Selling Seller Carry-back Mortgages

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Sellers who carry-back mortgages agree to make a loan to help a home buyer buy a home. The sellers who agree to finance all or part of the purchase price receive documents that evidence the terms and conditions of the loan. The seller carry-back instruments are typically recorded in the public records. Seller carry-backs can be in the form of a mortgage, trust deed, land contract or even a lease purchase. Most carry-backs are secured by a promissory note.

Reasons Sellers Carry-Back Mortgages

When interest rates are high or credit guidelines are tightened, buyers ask sellers to act in place of the bank and carry the financing for them. If the home is free and clear without any existing loans, the seller might carry all the financing or the buyer might get a conventional fixed-rate loan for part of the purchase price and ask the seller to finance the balance.

If there is an existing loan secured to the home, sellers might let buyers take over the existing loan payments, although the loan will remain in the seller's name. The difference between the sales price, minus the down payment and the existing loan is the equity the seller would carry as a loan.

Sellers agree to carry part or all of the financing for a variety of reasons, some of which are:

  • It's a soft or down real estate market. Owner-carried financing will attract a greater pool of buyers.
  • The buyers cannot qualify for a conventional loan.
  • The seller is facing capital gains on the sale of the property and can defer that portion which is financed.
  • The financing gives the seller a better rate of return than a money market account.
  • Sellers sometimes want a monthly income.
  • The property is non conforming and no lender will loan on it.
  • Often sellers can receive a higher sales price in exchange for offering owner financing.
  • It's a weird property that attracts a limited number of potential buyers.

Drawbacks of Seller Carry-Back Mortgages

  • The buyer might default on the payments, causing the seller to initiate foreclosure proceedings.
  • After foreclosure, making up back payments to the existing lender, if there is an existing loan, paying closings costs and real estate commissions, the seller might not be left with any equity.
  • Sellers who carry back mortgages have tied up cash by securing it to the property.
  • Sellers are still involved with the property and cannot walk away.

Converting the Seller Carry-Back Into Cash

There is a large pool of private investors in the marketplace who regularly buy seller carry-back instruments, but they do not pay face value. Investors look at the yield they will receive over the term of the investment, and this yield can be increased if the investor pays less than the outstanding balance due.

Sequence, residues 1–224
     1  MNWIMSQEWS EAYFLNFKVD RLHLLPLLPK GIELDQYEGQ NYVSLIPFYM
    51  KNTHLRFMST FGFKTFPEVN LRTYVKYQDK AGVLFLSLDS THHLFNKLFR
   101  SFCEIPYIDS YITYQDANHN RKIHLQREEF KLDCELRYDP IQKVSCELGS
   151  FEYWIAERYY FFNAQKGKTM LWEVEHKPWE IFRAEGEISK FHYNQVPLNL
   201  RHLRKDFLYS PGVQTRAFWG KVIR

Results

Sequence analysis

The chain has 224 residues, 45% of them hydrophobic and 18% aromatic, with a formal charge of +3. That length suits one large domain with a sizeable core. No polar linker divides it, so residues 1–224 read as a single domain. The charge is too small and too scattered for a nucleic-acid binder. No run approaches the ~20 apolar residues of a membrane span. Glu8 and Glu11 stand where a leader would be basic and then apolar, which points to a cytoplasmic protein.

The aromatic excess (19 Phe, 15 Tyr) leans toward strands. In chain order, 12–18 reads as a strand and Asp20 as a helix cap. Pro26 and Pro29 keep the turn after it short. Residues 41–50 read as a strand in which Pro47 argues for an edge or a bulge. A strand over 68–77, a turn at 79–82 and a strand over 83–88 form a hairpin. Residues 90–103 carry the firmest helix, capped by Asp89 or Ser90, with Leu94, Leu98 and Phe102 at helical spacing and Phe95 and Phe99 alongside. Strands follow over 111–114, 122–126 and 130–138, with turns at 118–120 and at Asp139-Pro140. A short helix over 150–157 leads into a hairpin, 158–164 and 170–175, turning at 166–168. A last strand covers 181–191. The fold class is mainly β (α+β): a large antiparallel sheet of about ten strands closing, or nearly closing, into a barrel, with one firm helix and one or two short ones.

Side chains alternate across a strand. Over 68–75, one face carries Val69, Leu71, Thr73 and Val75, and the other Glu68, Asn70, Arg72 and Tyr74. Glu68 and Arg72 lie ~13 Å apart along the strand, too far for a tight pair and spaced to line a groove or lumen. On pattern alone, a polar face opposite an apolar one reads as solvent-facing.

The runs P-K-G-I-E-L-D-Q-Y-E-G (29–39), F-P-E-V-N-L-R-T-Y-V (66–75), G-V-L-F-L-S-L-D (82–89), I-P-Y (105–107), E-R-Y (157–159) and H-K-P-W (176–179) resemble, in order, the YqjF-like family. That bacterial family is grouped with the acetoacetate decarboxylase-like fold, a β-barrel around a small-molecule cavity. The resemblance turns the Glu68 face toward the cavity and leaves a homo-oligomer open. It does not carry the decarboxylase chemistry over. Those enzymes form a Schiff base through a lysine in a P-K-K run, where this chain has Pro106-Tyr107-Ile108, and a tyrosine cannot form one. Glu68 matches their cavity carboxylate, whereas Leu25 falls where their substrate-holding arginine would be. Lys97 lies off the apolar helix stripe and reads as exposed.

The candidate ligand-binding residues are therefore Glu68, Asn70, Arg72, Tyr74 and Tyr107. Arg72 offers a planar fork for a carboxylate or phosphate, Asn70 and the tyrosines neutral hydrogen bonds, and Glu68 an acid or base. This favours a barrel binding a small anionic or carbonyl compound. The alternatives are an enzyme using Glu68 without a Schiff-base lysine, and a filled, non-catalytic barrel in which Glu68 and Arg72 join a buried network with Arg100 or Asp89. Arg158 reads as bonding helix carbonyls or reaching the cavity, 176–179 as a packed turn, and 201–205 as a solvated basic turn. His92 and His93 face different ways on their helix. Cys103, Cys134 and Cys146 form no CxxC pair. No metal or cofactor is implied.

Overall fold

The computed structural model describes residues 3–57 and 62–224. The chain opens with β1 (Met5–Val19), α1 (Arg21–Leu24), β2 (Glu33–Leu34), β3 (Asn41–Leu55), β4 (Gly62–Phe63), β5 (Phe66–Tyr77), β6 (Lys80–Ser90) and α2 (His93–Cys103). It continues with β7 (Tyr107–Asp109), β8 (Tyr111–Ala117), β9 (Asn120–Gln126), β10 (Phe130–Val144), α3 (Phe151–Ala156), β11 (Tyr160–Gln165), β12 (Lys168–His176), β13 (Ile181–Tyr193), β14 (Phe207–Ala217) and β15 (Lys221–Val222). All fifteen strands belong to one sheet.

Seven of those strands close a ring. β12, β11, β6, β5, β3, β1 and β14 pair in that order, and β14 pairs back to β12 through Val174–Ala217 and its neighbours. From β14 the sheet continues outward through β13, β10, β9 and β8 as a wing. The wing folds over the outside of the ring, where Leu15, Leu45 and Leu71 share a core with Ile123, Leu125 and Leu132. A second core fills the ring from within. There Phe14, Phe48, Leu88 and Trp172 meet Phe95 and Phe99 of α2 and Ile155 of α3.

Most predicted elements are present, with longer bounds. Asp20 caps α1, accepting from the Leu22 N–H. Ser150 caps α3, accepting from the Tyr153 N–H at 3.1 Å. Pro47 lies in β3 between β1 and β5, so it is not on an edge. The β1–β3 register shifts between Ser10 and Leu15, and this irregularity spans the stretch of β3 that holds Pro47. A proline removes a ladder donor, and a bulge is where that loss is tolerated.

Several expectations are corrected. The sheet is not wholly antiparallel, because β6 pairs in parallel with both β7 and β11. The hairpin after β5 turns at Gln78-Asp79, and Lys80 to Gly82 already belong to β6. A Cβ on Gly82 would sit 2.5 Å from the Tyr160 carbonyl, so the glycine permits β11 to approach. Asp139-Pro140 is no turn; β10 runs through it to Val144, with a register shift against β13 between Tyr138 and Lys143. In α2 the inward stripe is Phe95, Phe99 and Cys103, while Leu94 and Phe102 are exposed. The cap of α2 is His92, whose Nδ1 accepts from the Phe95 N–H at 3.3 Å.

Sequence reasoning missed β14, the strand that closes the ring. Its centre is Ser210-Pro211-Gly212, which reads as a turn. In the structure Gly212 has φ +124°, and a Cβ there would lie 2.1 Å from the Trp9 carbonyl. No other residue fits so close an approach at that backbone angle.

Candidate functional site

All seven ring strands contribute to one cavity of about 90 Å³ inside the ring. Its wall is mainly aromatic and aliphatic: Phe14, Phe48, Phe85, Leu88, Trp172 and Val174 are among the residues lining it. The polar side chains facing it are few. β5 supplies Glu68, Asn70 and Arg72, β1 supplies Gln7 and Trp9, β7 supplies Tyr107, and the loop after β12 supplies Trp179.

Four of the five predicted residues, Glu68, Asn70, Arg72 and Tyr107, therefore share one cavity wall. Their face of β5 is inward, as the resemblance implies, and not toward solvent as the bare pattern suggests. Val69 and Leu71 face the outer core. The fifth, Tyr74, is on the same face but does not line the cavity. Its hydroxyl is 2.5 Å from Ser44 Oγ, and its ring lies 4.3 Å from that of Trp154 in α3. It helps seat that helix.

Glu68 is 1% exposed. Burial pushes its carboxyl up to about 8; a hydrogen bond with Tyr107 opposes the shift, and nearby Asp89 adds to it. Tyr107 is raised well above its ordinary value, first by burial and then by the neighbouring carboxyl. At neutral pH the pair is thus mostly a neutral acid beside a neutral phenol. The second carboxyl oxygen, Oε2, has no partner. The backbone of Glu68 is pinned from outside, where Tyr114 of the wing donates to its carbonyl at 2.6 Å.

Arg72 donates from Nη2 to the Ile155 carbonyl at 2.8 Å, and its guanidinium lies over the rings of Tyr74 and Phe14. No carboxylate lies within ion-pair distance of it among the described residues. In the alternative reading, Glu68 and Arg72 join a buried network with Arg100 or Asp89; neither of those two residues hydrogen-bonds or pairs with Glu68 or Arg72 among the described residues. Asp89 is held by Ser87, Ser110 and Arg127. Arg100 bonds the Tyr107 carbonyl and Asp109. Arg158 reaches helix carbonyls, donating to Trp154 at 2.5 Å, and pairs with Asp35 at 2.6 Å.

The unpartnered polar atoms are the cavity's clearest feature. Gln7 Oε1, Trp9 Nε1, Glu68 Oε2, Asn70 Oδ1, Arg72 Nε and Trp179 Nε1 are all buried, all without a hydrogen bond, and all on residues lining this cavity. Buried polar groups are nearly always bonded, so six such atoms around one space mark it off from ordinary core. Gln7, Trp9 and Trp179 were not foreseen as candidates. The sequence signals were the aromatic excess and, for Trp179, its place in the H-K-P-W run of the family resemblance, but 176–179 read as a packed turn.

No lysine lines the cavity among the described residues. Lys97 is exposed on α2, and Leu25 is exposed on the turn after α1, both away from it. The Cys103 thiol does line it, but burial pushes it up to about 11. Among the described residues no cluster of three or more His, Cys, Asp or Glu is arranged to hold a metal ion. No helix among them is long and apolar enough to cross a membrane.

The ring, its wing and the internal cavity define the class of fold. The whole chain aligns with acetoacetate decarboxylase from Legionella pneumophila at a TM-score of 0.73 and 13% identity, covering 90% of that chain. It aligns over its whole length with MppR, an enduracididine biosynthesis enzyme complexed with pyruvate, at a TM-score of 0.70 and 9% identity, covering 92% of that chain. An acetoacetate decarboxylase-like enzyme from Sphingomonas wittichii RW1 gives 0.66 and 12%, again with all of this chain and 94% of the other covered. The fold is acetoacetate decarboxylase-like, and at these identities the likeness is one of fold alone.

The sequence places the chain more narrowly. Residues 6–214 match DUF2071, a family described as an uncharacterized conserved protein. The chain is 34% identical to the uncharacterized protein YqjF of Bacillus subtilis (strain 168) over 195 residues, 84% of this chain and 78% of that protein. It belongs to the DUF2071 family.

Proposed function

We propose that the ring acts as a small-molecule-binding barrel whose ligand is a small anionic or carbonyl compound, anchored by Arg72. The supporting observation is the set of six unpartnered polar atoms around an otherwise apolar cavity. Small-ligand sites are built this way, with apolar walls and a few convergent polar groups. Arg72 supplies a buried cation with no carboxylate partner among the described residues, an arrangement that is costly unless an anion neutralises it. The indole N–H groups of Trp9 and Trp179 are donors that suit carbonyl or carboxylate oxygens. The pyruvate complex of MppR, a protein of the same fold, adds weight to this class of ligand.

The discounts vary across the board, but sellers can expect to lose 10 to 30 percent of the unpaid balance, depending on the following:

  • Seasoning. This means how long the seller has been receiving payments on the carry-back financing. A seller who has received timely payments over a 12-month period will receive more cash than a seller holding a brand new mortgage.
  • Interest rate. The higher the interest rate, the lower the discount. A lower interest rate will attract investors who want a higher discount.
  • Mortgage term. Long-term mortgages such as a 30-year mortgage are not as attractive to an investor as a short-term mortgage; therefore, long-term mortgages are typically sold at higher discounts than short-term.
  • Prepayment penalties and late charges. Carry-back mortgages that contain a prepayment penalty and a late charge are also more attractive to investors, which affects the discount rate applied.
  • Loan-to-Value Ratio. Lower loan-to-value ratios receive more favorable discounts. Higher ratios are considered greater risk and the discounts are steeper.

Investors also consider the type of security, its appraised value, location, amenities, condition, and the credit-worthiness, if known, of the buyers.

Selling Fees For a Carry-back Mortgage

The investor may ask the seller of a carry-back mortgage to pick up all costs associated with the sale of the note and mortgage. You might be asked to pay such fees as:

Finding Investors to Buy Carry-Back Mortgages

There are private investors and commercial investors. Some are represented by mortgage brokers, some are not:

  • Subscribe to investment newsletters.
  • Search the Internet.
  • Look in investment¬†classifieds.
  • Call real estate agents who deal in investment properties.
  • Let your fingers do the walking in the Yellow Pages.
  • Ask friends and family members.¬†